New Delhi, Oct 27
[dropcap color=”#008040″ boxed=”yes” boxed_radius=”8px” class=”” id=””]T[/dropcap]elecom industry stakeholders on Tuesday wrote to India’s telecom watchdog, terming its decision to impose penalty on service providers for call drops “grossly unjust” and a move that “will eventually negatively impact the interests of the consumers”. “We are taken aback and shocked by the authority’s Regulation for compensation, which, we respectfully submit, is grossly unjust and will eventually negatively impact the interests of the consumers and the service providers,” said a joint letter written by the Cellular Operators’ Association of India (COAI), representing the GSM segment, and the Association of Unified Telecom Service Providers of India (AUSPI), of the CDMA operators.
A notification from the Telecom Regulatory Authority of India (TRAI) on October 16 mandated monetary compensation for dropped calls from January 1 next year at the rate of a rupee for each such failure.
The regulation held that the calling consumer will get a credit of Re.1 per call drop, limited to three such occurrences per day in a 24-hour cycle. Following that, the mobile operators have to send them an SMS within four hours.
In the letter, the associations said: “During the consultation process including the open house discussion, the service providers had made detailed submissions, which remain unaddressed and unanswered in the TRAI regulation.”
“We humbly request the authority to withdraw a defective regulation though it may have proceeded with all good intentions,” they urged.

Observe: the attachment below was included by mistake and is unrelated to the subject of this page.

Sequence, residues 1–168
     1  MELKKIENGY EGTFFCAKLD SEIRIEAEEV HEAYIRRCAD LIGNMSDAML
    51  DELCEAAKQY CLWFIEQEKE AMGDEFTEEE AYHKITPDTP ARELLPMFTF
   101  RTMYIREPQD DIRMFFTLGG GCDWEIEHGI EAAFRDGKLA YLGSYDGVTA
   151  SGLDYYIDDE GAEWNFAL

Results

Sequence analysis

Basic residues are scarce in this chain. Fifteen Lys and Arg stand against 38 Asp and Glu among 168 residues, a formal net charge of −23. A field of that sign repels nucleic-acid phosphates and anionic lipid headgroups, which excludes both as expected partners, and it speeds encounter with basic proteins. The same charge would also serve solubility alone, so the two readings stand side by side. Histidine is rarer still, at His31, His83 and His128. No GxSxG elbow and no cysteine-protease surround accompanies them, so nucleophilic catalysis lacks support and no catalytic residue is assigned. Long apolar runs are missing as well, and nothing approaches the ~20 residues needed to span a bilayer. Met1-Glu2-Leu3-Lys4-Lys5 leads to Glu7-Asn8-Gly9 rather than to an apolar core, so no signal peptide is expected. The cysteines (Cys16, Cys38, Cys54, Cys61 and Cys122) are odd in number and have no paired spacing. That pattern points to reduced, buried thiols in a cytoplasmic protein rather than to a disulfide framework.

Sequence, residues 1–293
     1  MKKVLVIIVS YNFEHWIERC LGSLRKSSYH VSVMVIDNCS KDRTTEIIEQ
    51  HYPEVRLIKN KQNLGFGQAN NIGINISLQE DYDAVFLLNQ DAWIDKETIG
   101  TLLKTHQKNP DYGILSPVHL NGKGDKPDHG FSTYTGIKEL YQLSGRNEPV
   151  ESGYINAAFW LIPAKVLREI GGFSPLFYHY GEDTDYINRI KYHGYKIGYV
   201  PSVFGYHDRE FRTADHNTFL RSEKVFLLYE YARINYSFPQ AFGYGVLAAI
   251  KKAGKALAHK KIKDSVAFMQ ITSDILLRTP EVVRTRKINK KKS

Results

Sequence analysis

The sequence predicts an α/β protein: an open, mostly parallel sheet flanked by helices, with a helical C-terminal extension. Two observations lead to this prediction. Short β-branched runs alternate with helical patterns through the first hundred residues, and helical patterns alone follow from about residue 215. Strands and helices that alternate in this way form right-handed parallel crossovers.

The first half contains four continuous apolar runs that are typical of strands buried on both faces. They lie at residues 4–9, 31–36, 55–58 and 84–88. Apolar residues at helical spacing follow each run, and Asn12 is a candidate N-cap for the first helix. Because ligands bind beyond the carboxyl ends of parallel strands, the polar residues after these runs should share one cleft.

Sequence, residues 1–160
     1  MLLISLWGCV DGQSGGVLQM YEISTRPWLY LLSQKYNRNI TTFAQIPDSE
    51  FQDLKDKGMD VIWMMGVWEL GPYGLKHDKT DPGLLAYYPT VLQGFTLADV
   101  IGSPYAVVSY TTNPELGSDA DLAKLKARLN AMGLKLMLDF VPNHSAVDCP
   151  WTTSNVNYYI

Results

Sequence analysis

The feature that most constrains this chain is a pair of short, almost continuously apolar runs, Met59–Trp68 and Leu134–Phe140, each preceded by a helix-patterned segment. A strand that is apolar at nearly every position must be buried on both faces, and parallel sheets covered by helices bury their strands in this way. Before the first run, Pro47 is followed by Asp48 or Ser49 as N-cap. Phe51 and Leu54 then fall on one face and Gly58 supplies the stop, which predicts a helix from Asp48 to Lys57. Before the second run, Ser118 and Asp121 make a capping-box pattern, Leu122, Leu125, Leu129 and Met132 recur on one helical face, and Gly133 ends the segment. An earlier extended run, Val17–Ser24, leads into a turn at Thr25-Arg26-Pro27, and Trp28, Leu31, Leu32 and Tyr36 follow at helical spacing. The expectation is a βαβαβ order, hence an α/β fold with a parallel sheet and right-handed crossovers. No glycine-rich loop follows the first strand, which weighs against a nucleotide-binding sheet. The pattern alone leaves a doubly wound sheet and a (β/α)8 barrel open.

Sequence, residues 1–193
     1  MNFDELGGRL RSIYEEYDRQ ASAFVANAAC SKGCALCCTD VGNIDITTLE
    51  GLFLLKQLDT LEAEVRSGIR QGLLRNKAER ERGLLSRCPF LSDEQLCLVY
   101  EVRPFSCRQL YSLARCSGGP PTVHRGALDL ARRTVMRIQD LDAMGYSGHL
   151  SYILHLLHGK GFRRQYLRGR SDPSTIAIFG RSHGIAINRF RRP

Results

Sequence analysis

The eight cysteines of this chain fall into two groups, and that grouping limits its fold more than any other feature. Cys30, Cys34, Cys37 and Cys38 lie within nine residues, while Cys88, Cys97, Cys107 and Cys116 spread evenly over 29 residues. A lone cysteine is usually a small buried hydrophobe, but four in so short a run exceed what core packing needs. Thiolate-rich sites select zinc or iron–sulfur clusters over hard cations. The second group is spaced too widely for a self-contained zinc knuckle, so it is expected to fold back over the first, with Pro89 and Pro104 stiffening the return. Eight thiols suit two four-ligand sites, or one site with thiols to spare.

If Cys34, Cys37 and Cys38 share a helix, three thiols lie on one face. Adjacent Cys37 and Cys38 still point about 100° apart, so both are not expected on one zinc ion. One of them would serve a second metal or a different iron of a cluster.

[dropcap color=”#008040″ boxed=”yes” boxed_radius=”8px” class=”” id=””]T[/dropcap]hey noted wireless networks cannot be designed to ensure zero call drops, as the physics of radio waves and their propagation characteristics limits the efficiency of a communication system to less than 100 percent, even if infinite resources are assigned. “Therefore, in a cellular mobile radio network, having full coverage and capacity everywhere is an oxymoron. Globally, mobile radio networks are invariably designed for a grade of service. Consequently, 2 percent call drops have been accepted as a global norm,” the letter said.
It said the regulation for compensation is a prescription for a plethora of pointless disputes/ litigations due to issues around subjectivity. “Further, this will unnecessarily inundate call centres, which is not just very costly, but will sharply deteriorate regular service to the consumer.”
The letter highlighted that to address the customer’s concerns of charging of the dropped calls, a majority of operators have already taken steps towards converting 100 percent of their pre-paid subscribers to per second plans.
“Further all post-paid subscribers are offered various discounted plans and also have the choice to opt for the per second based plan as well.”
Drawing comparisons with other services in India, it said: “The said regulations are unprecedented in any kind of service industry, be it the railways or even the essential service like supply of water and electricity. At no point of time, railways are made to pay compensation for any delayed/cancelled train. Even the water/electricity supply boards/companies are not made to compensate for lack of/deficient supply of water/electricity.”
“Therefore, this new mandatory compensation payable by the originating operator that too for complying with the mandated quality of service norms, is not only self-contradictory, a double jeopardy. It is also coercive, grossly unjust, and its unintended impact will be catastrophic,” the organisations said.
1. Content is used from IANS
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